About four months ago, I signed up for Facebook. Several of my younger friends in the Jewish communal world had been clamoring for me to join. They had “tagged” photos of me in their profiles, whatever that meant. I was skeptical. I’d spent some time on MySpace. It was a disorganized mess. I had set up a profile there months before, never checked it again, and continued to receive friend requests from people with names like “Suzi” and “Candy.” Would Facebook be any better?
Ultimately, it wasn’t the clamor of friends that led me to enlist. It was work. IFF was, and is, considering doing something with online social networking. Having not been involved in any social networks up to that point–and being the youngest person in the office–I needed to get up to speed. Alongside Facebook, I signed up for Yelp! and Shoutlife, a Christian social network. I never look at my Yelp! page and plan to shut down my Shoutlife profile, but I’ve checked my Facebook homepage every day for at least the last two months. My name is Micah, and I am a Facebook junkie.
Overnight summer camp is awesome. I don’t know if I’ve ever met a former camper who disagrees.
But why do parents send their kids to summer camp? More specifically, why do Jewish parents send their kids to Jewish summer camp?
In a terrific essay for the (Vancouver, B.C.) Jewish Independent, Kelley Korbin writes of her shock at hearing that “many Jewish parents send their kids to Jewish camps so they’ll meet a Jewish spouse.” So why does she send her children to Jewish camp? “It’s simple really,” she writes. “I chose Jewish summer camp for my kids because that’s where I went.”
Arnold Eisen’s inauguration as the chancellor of the Jewish Theological Seminary last fall has generated a fair amount of excitement in the Jewish world. As the first non-rabbi to serve in the role in more than 65 years and one of the leading sociologists of American Jewry, he is widely seen as bringing a fresh perspective to his leadership of the Conservative movement’s flagship institution.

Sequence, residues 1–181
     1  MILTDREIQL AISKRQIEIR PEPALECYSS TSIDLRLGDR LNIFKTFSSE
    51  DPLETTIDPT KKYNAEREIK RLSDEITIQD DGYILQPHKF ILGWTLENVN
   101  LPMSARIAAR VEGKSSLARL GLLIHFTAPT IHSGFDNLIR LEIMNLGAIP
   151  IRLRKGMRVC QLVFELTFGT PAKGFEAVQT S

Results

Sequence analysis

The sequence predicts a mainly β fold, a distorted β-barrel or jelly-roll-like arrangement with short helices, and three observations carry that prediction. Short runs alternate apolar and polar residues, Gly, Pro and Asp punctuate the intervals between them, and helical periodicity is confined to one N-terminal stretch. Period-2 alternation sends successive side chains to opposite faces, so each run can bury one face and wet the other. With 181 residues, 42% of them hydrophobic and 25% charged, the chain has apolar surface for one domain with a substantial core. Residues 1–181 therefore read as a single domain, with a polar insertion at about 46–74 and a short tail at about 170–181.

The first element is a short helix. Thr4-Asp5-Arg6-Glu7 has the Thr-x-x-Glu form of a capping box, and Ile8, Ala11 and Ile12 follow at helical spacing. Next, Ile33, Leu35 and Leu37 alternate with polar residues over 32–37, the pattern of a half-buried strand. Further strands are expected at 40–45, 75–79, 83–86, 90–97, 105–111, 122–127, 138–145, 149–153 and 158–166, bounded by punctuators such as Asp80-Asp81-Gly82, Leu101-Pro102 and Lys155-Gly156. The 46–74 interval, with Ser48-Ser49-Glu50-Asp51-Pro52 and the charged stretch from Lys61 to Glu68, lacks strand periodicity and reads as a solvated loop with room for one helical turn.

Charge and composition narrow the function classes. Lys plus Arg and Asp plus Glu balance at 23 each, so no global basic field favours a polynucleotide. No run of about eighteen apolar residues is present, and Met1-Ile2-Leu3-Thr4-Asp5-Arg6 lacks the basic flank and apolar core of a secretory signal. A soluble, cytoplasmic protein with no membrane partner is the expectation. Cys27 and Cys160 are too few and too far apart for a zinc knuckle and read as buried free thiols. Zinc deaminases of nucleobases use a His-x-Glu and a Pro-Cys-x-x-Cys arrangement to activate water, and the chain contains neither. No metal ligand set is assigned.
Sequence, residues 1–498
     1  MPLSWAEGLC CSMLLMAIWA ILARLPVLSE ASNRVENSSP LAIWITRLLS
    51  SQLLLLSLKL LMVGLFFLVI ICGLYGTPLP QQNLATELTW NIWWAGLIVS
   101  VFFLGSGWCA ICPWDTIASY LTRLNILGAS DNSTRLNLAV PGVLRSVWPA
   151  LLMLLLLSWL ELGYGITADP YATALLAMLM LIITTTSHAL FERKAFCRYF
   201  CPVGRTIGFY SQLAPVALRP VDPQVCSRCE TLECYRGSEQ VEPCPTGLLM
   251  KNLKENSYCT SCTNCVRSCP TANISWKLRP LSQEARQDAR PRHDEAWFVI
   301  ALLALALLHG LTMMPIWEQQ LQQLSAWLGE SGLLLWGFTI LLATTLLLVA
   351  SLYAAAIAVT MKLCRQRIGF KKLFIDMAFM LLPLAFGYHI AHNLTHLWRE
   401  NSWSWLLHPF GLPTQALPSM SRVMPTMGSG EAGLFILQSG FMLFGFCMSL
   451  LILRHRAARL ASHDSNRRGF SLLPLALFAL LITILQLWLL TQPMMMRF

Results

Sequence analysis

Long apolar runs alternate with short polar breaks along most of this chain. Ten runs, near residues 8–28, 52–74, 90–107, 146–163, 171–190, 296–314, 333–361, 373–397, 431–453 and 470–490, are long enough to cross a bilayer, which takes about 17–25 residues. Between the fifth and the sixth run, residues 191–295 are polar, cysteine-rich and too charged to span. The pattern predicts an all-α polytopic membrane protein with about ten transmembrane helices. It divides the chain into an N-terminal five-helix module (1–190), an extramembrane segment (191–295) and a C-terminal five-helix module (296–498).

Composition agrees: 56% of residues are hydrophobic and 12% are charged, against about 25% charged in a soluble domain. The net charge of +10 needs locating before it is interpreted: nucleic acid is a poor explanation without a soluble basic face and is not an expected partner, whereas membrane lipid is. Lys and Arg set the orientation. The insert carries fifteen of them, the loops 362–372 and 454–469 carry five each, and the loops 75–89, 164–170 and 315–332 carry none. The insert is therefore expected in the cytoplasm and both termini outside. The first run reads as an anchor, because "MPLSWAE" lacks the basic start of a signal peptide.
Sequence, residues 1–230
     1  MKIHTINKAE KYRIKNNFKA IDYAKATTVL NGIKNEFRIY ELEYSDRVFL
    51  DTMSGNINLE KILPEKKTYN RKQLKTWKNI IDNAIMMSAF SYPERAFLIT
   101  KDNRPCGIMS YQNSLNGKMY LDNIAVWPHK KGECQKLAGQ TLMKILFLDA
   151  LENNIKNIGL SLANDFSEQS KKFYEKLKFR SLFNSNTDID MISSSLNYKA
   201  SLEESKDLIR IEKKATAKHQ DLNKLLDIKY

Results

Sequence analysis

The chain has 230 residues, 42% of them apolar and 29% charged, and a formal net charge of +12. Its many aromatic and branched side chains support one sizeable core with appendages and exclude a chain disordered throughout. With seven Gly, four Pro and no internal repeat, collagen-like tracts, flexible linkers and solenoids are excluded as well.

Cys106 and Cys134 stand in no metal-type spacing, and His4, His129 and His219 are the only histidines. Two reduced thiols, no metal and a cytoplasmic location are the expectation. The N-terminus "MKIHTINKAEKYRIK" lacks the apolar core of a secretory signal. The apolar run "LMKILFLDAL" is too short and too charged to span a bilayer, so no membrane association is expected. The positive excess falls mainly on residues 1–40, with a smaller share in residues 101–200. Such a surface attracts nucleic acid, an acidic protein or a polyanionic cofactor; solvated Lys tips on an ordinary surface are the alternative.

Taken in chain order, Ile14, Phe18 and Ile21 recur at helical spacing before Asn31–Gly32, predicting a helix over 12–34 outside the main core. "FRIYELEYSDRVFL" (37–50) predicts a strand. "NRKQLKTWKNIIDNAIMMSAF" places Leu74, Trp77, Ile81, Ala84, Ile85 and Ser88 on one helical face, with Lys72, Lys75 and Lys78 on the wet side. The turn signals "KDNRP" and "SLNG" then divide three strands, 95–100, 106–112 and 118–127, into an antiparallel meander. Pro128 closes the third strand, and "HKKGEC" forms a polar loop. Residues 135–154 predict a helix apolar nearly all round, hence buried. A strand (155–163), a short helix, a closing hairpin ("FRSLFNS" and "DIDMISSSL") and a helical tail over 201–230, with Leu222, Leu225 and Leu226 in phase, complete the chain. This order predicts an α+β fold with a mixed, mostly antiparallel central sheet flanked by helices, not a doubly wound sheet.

So far, his statements about intermarriage have been encouraging, but I’m really enthused about what he said in this recent Q&A with the St. Petersburg Times. His response to a question about intermarriage is so positive that I want to share its entire text: Continue reading
The Boston Globe brought together five Jewish grandmothers and one Jewish grandfather to taste canned chicken soups. Their conclusion? They all stink.
Which I could have told them. I’ve never tasted a canned soup that tasted anything like home-made.
(Credit due Nextbook for turning me onto the link.)
How’s this for an unlikely story? A non-Jewish Korean professor of Jewish history at Brandeis does anthropological research that debunks cherished Jewish-American myths about shtetl life in 19th-century eastern Europe.
In The Forward, Gabriel Sanders profiles ChaeRan Freeze, who showed in her first book, Jewish Marriage and Divorce in Imperial Russia (2001), that Jewish divorce rates in 19th-century Russia were much higher than the rest of the population. Her next book looks at sexual norms in the shtetl.
JTA’s Dina Kraft has a nice piece today that connects to several of our recent stories. As Nate Bloom reports in today’s installment of Interfaith Celebrities, Jamie-Lynn Sigler (Meadow Soprano on “The Sopranos”) recently visited Israel as part of a birthright israel tour. Birthright israel provides young Jewish adults who’ve never visited Israel before with a free trip to the Jewish state–not like Sigler couldn’t afford to pay her own way.
The story touches on the way that Israel can make children from interfaith backgrounds, like Sigler, feel a powerful connection to the Jewish people and story:
“It’s one of the most beautiful, inspiring places I’ve ever been to,” Sigler said. “I now have a greater understanding and motivation about preserving my Jewishness.”